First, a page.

NASA scientists used the ExoMiner deep learning neural network to distinguish real exoplanets from other signals recorded by the Kepler telescope.
NASA researchers uploaded data from the Kepler telescope in a new neural network called ExoMiner. The algorithm produced amazing results – it discovered 301 exoplanets, however, not a single of the terrestrial type. Nevertheless, in the future, the neural network will be much more actively used in the search for space objects.
Neural networks: The future of astronomy?
Why is ExoMiner so useful?
ExoMiner complements the people who professionally analyze data from telescopes to determine which signals are coming from planets and which are not. But without this neural network, solving such a problem would take a huge amount of time – thousands of stars fall into Kepler’s field of view, each of which may have several exoplanets. In addition, the ExoMiner is more accurate than other machine classifiers and people who are biased.
Usually, planets are found by the transit method – a celestial body revolves around a star, and when it is in front of it, astronomers record a change in its brightness. The neural network is trained on past confirmed cases and false positives, which allows it to distinguish the planet from other objects and interference.
Unlike other neural networks, ExoMiner is not a “black box” – that means that scientists have identified clear characteristics for exoplanets that help the AI distinguish the different objects. In its work, the neural network uses a NASA supercomputer – Pleiades, which holds 81st place in the world of supercomputers with 241,108 cores and a maximum power of 5951 teraflops.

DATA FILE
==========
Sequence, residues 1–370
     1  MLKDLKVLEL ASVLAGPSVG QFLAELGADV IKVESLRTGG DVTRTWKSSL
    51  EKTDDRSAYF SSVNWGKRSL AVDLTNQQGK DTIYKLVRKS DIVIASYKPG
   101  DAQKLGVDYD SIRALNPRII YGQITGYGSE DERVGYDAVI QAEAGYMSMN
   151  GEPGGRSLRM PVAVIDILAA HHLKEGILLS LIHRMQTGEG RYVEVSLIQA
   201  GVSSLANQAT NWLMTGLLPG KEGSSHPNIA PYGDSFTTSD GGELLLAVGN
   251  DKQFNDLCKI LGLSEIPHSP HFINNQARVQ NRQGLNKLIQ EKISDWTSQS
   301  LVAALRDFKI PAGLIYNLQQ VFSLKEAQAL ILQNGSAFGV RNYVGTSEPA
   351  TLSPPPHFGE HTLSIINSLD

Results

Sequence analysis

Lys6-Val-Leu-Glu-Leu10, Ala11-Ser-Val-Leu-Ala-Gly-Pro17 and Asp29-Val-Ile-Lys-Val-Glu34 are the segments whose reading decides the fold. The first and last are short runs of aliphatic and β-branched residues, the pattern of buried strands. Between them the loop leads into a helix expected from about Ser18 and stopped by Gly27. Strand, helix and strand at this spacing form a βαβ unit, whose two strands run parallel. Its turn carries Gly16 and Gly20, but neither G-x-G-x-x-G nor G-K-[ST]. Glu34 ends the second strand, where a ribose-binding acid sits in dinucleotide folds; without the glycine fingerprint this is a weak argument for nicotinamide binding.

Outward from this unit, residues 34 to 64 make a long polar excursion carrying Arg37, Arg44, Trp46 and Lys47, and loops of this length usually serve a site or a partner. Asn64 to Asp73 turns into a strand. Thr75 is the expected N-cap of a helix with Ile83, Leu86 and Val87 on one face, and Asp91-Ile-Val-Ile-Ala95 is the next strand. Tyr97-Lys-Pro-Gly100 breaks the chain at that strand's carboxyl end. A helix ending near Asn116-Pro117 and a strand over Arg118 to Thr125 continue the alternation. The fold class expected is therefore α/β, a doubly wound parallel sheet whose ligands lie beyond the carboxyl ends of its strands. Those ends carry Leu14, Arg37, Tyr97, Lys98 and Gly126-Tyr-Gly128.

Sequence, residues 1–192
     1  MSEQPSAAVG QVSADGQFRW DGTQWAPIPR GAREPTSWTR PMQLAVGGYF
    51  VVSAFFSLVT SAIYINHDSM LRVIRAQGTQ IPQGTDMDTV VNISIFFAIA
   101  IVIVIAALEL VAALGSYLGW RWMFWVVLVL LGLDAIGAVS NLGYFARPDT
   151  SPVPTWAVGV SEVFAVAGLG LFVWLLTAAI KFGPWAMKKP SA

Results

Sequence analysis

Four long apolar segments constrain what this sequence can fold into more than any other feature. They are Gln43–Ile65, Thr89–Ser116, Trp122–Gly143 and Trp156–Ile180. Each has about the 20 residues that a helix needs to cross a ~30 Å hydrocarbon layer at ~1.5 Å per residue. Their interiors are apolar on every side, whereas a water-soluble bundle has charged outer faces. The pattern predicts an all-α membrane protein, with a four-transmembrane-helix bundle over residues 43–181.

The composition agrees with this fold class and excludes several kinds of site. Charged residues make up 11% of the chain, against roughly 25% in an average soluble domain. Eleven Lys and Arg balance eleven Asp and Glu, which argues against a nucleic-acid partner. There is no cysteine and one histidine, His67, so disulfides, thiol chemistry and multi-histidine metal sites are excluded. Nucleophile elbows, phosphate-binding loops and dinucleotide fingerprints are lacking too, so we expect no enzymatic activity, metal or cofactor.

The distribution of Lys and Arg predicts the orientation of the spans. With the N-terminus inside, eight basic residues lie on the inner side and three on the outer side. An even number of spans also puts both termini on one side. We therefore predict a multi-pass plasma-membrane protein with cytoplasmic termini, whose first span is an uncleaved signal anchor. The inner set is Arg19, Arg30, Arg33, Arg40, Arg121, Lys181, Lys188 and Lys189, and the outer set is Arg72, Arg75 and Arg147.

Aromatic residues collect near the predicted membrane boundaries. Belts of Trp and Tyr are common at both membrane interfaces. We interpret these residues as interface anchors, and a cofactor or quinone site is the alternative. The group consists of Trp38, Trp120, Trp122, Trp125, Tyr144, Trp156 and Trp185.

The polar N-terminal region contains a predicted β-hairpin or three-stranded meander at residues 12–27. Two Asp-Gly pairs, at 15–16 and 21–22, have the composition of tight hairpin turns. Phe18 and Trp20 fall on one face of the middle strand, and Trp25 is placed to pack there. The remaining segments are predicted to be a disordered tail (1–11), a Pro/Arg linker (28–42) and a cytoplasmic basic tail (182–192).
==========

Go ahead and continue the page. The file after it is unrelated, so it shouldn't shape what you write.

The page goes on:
None of the 301 planets discovered by ExoMiner are Earth-like
According to preliminary data, none of the planets confirmed with the help of ExoMiner are similar to Earth and are not located in the habitable zone of their stars. Having trained the neural network on Kepler data, scientists are going to apply it on other missions, in particular, to analyze data from the TESS space telescope, which was launched from Earth in 2018 to search for exoplanets.
How many exoplanets have we discovered?
For a long time, the problem of finding planets outside the solar system was insoluble due to the fact that these celestial bodies are too small and dim. The first exoplanets were discovered in the early 1990s. Before the use of ExoMiner, scientists had confirmed about 4,575 bodies. With the new update, their number will increase to nearly 4,900.
Besides those confirmed exoplanets, NASA has a long catalog of nearly 8000 objects that have yet to be confirmed. Most of this is the result of Kepler’s observations – the first-ever exoplanet hunter operated for nearly a decade. Even years later, scientists are a long way from analyzing its entire database and ExoMiner will have a lot more work in the future.
Not to mention that the Tess telescope has been even more effective in collecting data and ESA also plans to launch its own planet hunter in 2026 – the PLATO Telescope, which will focus on searching for exoplanets near yellow and orange dwarfs, which are similar to our Sun.
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• Lewis, B. (2021, November 23). UCLA astronomers discover more than 300 possible new exoplanets. UCLA.
• NASA. (n.d.). New Deep Learning Method adds 301 planets to Kepler’s total count.
• Pultarova, T. (2021, November 28). Ai discovers over 300 unknown exoplanets in Kepler Telescope Data. Space.com.
• Williams, M. (2021, November 27). A machine-learning algorithm just found 301 additional planets in Kepler Data. Universe Today.